Pharmacist Rossana Rilla works at her own drugstore in downtown Montevideo, Uruguay on June 23, 2016. She is concerned that selling marijuana will make her store a target for burglaries. (Matilde Campodonico, The Associated Press)

A majority of pharmacists in Uruguay don’t want to sell pot, here’s why

MONTEVIDEO, Uruguay — Rossana Rilla could sell marijuana under Uruguay’s pioneering law that lets pharmacies distribute pot. But she says there is no way she will.

In her 28 years as a pharmacist, she has been beaten, dragged across the floor and threatened by thieves at gunpoint and with a grenade. She fears that selling marijuana would only make her store a bigger target for robbers and burglars.

“You see their faces and you can tell right away that they are not consumers who are here just to buy” marijuana, Rilla said about the “suspicious people” who have recently been coming into her Montevideo pharmacy asking if she sells pot.

She isn’t alone in avoiding the government’s marijuana program. Most of the country’s pharmacists haven’t signed on, citing security concerns and complaining of paperwork, cost increases or opposition from customers to selling legalized pot.

Uruguay legalized the cultivation and sale of marijuana in 2013 in a bid to create the world’s first government-regulated national marketplace for pot. The goal was to fight rising homicide and crime rates associated with drug trafficking in the South American country.

But while the government wants to start selling marijuana at pharmacies in the coming weeks, so far only 50 out of 1,200 pharmacies are registered, stoking a debate over how the drug should be distributed.

“I don’t see the need to get into a conflict with people who are already selling weed in the neighborhoods,” said Marcelo Trujillo, who owns three pharmacies in Montevideo’s Cerro neighborhood.

“I just don’t want to expose myself or my employees,” he said. Next to him, a worker repaired a glass that was shattered during a recent robbery attempt.

The law allows for the growing of pot by licensed individuals, the formation of growers and users clubs, and the sale by pharmacies of 40 grams of marijuana a month to registered users. While the plan has been widely applauded globally and seen as going beyond marijuana legislation in the U.S. states of Colorado and Washington, most Uruguayans oppose it.

“My customers generally don’t agree with the plan,” said Isabel Regent, head of the Association of Interior Pharmacies, which represents businesses outside the capital, Montevideo. “Besides the fear of robberies, enrolling in the system means a hike in costs and having to be up to date with all the paperwork demanded by the health ministry, and not all pharmacies are in a condition to do this.”

Regent owns a pharmacy in Punta del Este, an exclusive seaside resort where tens of thousands of tourists from neighboring Argentina come to vacation each year. But she decided not to enroll in the government plan. She wouldn’t be able to sell pot to foreign tourists because the law only allows sales to Uruguayan citizens and legal residents over age 18.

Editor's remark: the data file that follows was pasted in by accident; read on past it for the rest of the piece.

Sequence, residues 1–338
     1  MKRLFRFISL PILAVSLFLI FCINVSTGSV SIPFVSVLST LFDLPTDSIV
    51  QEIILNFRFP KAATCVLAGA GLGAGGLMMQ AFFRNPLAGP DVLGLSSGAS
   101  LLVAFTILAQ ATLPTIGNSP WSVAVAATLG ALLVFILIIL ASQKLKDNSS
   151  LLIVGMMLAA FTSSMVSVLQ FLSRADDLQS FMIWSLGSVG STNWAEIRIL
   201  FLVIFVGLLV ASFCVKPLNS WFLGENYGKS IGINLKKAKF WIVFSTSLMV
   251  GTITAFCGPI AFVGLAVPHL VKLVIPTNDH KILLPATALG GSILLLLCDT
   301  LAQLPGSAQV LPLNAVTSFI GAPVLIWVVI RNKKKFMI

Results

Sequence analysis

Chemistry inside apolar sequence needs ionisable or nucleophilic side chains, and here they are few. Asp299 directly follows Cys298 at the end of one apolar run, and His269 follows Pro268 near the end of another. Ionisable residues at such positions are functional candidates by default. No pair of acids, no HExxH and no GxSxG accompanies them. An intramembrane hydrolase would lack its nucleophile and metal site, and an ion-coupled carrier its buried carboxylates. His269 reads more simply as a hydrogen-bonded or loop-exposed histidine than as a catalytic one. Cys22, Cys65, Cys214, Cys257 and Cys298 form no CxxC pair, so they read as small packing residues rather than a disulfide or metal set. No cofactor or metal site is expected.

Pharmacies in three of the four Uruguayan states bordering Brazil have also declined to enroll in the plan.

No studies have been conducted to see if pharmacists would face extra risks from selling pot, but most feel it’s just not worth the risk.

“I don’t have the security conditions to sell marijuana,” said Mariana Etchessarry, from a pharmacy in Montevideo’s Cerro neighborhood. “I don’t understand why they can’t sell it at police stations. They’re located in every neighborhood and have 24-hour security.”

During a recent meeting with government officials, a union leader claimed that some pharmacists have been threatened by drug dealers, said Gonzalo Miranda, a spokesman for the Uruguayan Chamber of Pharmacies, an umbrella group for large pharmacy chains.

Fernando Gil of the Interior Ministry’s communications office said that no pharmacists had reported any threats to police.

Some pharmacists say their lack of interest in participating goes beyond security concerns.

“I oppose as a matter of principles,” said Julio Gadea. “I’ve been a pharmacist for 40 years. Pharmacies were created to sell medicines, not drugs.”

Experts say delays in the marijuana initiative stem from the fact that no other country has attempted such an ambitious endeavor and that authorities still lack detailed plans and rules for regulating the market.

“We sell all legal drugs and if marijuana is now legal, there’s no reason not to sell it,” said a pharmacist who has enrolled in the government’s marijuana plan. He insisted on not being quoted by name because he did not want to upset his clients, who mostly oppose legalizing pot.

“I signed up but I still don’t know if I’ll sell it,” the pharmacist said. “I’m missing a lot of information. They haven’t explained anything to us about the information program that will be used or how the drug will be sold or how profitable it will be.”

Several of the pharmacists interviewed said they hadn’t ruled out signing on later if the program is successful.

The planting of cannabis in Uruguay has begun and it’s expected to be ready by late July, two government officials told The Associated Press. They also asked to remain anonymous because they were not authorized by the government to comment. The officials said that having only 50 pharmacies enrolled might work in the government’s favor because it will be easier to control.

“We’re not ruling out using other networks or even vending machines in the future,” one official said, adding that marijuana will be sold by mid to late July.